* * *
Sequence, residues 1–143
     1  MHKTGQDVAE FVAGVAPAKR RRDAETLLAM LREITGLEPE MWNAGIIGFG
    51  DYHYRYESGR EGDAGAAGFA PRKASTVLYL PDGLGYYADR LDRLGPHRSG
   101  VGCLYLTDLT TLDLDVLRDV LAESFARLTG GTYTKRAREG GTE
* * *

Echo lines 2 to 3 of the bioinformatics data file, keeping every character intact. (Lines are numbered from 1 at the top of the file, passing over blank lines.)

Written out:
     1  MHKTGQDVAE FVAGVAPAKR RRDAETLLAM LREITGLEPE MWNAGIIGFG
    51  DYHYRYESGR EGDAGAAGFA PRKASTVLYL PDGLGYYADR LDRLGPHRSG